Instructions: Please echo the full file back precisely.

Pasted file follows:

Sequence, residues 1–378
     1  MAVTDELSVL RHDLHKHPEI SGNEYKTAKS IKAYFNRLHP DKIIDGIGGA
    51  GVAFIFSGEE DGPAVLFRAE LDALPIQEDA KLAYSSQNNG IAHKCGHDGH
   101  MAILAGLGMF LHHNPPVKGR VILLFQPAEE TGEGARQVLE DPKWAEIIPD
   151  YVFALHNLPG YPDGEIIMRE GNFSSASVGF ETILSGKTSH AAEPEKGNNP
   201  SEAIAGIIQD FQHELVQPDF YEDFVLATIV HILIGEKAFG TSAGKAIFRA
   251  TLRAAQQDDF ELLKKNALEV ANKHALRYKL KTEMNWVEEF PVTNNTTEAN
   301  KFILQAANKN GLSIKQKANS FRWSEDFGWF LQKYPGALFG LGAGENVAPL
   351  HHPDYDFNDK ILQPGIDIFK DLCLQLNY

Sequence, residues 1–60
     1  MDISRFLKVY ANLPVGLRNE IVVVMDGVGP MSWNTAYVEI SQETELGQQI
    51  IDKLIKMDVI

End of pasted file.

Sequence, residues 1–378
     1  MAVTDELSVL RHDLHKHPEI SGNEYKTAKS IKAYFNRLHP DKIIDGIGGA
    51  GVAFIFSGEE DGPAVLFRAE LDALPIQEDA KLAYSSQNNG IAHKCGHDGH
   101  MAILAGLGMF LHHNPPVKGR VILLFQPAEE TGEGARQVLE DPKWAEIIPD
   151  YVFALHNLPG YPDGEIIMRE GNFSSASVGF ETILSGKTSH AAEPEKGNNP
   201  SEAIAGIIQD FQHELVQPDF YEDFVLATIV HILIGEKAFG TSAGKAIFRA
   251  TLRAAQQDDF ELLKKNALEV ANKHALRYKL KTEMNWVEEF PVTNNTTEAN
   301  KFILQAANKN GLSIKQKANS FRWSEDFGWF LQKYPGALFG LGAGENVAPL
   351  HHPDYDFNDK ILQPGIDIFK DLCLQLNY

Sequence, residues 1–60
     1  MDISRFLKVY ANLPVGLRNE IVVVMDGVGP MSWNTAYVEI SQETELGQQI
    51  IDKLIKMDVI